There's the summer Olympics just around the corner and then there's KARL KRÜGER - the West Coast Endurance King, who became the 1st and only paddleboarder to complete the Race to Alaska 2017 (also known as the 'Oceanic Iditarod') in under 15 days for a total of 750 miles (non-motorized) from Port Townsend, WA to Ketchikan, AK. In 2022, he will attempt to become the first human to paddle 1,900 miles of the Northwest Passage on a standup paddleboard. We caught up with him on his way out of Ketchikan after placing 1st as the 2021 SUP World Champion of SEVENTY48 and then within hours going right into the Washington360 Race to finish 6th place with his daughter & sailing team onboard the 'Millennial Falcon'. Maritime life is central to the Victorian Seaport of Port Townsend with regattas and races weekly. Race to Alaska (R2AK) became the WA360 Race due to COVID-19 2020/21 limitations of marine traffic in the Arctic coastal waters. Race teams like 'Sail Like A Girl', 'Team Fressure' and the winning Olson 30 monohull sailboat 'High Seas Drifters' completed 360 miles of engineless, unsupported boat racing circling Puget Sound. Read the full interview with KARL KRÜGER below... Let us take you on a proper Victorian tour out + about Port Townsend and go from sails to stripes in classic Breton style Chanel to Victorian bathing machines


Stripes have long been associated with mariners often wearing the cliché striped jersey shirt. In the middle of the 1600s, sailors would appear in Dutch and English paintings wearing red and white, or blue and white horizontally striped shirts. Perhaps this came from early European machine-made stockings, caps and breeches worn by crewmen due to the technical structure of knitting that happened to be striped. Or perhaps it's easier to spot someone up on a ship's rigging if they're wearing stripes... But eventually fishermen off the coasts of Normandy as well as the French Navy adopted the sailor stripe and by the mid-19th century stripes infiltrated the seashore. As Europeans discovered the pleasures of the beach, the Victorian seaside was awash in stripes. Sea bathers sported nautical stripes not only in their daring bathing suits but also in ladies dresses, parasols, canvas tents and chairs. In 1917 Coco Chanel channeled it into the fashion world with her nautical collection, breaking away from the heavily corseted fashion of the time & forever changing the face of casual womenswear. As far as basics go - the classic Breton striped shirt still remains a popular statement piece today.

images from


Sailing Ship Kite

Classic galleon kite offers a physics lesson with every flight: Ships' sails work on the same principle as airplanes' wings, propelling both along on the wind. Handmade by Balinese artisans from nylon and locally sourced bamboo - created by Emily Fischer.


"Victorian Seaport and Arts Community"

Originally named by Captain George Vancouver in 1792 "Port Townshend" after the Marquis of Townshend - Port Townsend was to become the largest harbor on the west coast of the United States, guarding the gate of Puget Sound. It would become known by its nick name, the "Key City" - a title that remains to this day. By 1888, Port Townsend was a well known seaport with many homes and buildings being built in ornate Victorian architecture. Today, the city holds annual international film festivals and many other cultural events such as - Wooden Boat Festival, writers' conference, playwrighting festival, blues & jazz fests, as well as art, dance & live theater.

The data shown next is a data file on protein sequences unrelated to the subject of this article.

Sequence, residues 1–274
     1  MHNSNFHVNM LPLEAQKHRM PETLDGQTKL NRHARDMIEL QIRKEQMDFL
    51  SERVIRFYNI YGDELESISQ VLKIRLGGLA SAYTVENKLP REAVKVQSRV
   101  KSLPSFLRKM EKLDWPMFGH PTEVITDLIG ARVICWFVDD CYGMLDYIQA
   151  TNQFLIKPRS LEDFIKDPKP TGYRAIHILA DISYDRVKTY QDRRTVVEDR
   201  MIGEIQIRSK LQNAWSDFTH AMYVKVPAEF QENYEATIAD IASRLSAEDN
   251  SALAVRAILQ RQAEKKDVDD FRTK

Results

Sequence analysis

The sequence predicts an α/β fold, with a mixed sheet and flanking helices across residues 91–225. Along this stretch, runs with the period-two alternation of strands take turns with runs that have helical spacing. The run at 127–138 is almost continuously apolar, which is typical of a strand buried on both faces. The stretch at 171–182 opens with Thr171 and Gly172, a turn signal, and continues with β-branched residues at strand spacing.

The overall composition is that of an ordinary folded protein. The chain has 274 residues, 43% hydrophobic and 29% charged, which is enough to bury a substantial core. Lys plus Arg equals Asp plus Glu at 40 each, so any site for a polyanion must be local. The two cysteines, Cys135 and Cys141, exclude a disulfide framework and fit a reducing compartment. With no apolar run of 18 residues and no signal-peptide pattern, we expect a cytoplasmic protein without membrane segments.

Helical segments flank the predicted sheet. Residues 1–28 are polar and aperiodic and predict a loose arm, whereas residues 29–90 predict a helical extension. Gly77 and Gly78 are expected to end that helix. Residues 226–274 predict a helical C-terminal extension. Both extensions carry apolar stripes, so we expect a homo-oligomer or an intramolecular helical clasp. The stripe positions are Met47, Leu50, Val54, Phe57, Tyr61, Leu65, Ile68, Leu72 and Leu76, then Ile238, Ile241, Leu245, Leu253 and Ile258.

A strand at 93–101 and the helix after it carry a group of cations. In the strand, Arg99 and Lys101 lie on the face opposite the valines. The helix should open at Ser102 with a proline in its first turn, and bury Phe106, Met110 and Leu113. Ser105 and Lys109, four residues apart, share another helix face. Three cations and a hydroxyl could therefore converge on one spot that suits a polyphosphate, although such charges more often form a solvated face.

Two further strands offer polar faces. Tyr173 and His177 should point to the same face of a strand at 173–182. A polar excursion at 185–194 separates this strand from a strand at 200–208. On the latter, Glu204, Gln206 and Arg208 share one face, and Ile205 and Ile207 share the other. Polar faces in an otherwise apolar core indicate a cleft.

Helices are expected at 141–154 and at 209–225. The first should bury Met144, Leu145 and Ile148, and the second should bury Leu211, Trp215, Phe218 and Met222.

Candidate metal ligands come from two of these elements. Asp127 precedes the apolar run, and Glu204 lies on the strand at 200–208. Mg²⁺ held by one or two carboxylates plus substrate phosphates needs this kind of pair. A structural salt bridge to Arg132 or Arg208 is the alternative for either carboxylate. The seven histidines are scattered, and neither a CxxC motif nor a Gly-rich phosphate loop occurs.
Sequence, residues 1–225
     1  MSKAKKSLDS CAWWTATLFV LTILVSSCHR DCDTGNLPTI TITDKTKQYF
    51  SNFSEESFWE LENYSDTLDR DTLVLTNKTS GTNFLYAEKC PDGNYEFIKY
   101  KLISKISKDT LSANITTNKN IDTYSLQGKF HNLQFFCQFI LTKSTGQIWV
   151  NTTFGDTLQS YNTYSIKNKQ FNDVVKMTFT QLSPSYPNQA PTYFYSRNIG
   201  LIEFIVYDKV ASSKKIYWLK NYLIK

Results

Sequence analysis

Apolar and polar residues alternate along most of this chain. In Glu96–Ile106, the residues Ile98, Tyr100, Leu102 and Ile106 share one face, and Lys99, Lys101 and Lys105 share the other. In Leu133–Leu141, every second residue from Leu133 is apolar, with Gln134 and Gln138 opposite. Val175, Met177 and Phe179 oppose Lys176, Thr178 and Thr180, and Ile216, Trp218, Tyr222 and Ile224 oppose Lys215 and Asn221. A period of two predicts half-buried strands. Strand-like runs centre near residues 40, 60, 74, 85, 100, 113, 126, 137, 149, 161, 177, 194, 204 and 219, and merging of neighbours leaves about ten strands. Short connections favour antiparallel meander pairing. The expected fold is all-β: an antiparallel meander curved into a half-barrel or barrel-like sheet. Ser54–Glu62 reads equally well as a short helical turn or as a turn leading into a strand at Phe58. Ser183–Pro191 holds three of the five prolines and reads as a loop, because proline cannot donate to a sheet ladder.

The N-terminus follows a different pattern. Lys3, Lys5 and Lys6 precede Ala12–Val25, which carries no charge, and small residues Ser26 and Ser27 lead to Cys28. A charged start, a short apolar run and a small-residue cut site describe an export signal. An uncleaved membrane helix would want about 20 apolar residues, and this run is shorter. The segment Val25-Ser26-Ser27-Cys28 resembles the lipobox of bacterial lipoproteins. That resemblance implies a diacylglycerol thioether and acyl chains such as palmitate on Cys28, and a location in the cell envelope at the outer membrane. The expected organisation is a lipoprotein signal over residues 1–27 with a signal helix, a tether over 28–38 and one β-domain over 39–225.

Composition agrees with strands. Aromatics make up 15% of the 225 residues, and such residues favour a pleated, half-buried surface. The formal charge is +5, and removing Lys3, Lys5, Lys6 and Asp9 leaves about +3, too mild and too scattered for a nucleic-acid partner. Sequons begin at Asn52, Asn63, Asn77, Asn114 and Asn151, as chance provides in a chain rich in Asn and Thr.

out + about Port Townsend

BEST Coffee Caffè Arancia (organic cocoa, orange peel, vanilla) with a cozy cove view on the water at Better Living Through Coffee Co., Sauna Suite + Salt Therapy Nook at Soak On The Sound, famous home- made cinnamon roll French Toast from The Courtyard Cafe, hotel room snacks to-go from The Food Co-op, four-legged friendly cottages with canine companion welcome basket at The Swan Hotel, fresh & locally sourced bistro voted Port Townsend's best restaurant multiple years Fountain Cafe, fresh popcorn, real butter & a flick in the Starlight Room at The Rose Theatre opened back in 1907 as a vaudeville house, bites and eclectic 250+ bottle wine list & patio seating at Alchemy Bistro & Wine Bar, best sunset view from Fort Warden State Park, & Japanese fusion at Hanazono Asian Noodle fresh gingered potstickers!


photo by beyond negative


Captain KARL KRÜGER has been on the water for over 35 years. He taught himself to windsurf at 12 years old and worked his way up to 420s, Lasers, Hobies and a variety of Keelboats. He began teaching sailing when he was 17, and now holds a United States Coast Guard 100 Ton Master’s License with Sail and Tow endorsements. For the last 20 years, he has cruised extensively in the San Juan Islands, Canadian Gulf Islands, the Canadian Coast, and Alaska. Karl holds a B.S. in Environmental Science/ Toxicology and an A.A.S. in Ecology and Environmental Technology. In 2017 Race to Alaska, he became the 1st person to paddle the 750 mile course on a Stand Up Paddleboard. In 2022 he will paddle non-assisted 2,000 miles of the Northwest Passage & has just celebrated 1st place win as World Champion 2021 SEVENTY48 Race (70 miles by 48hrs) from Tacoma, WA to Port Townsend.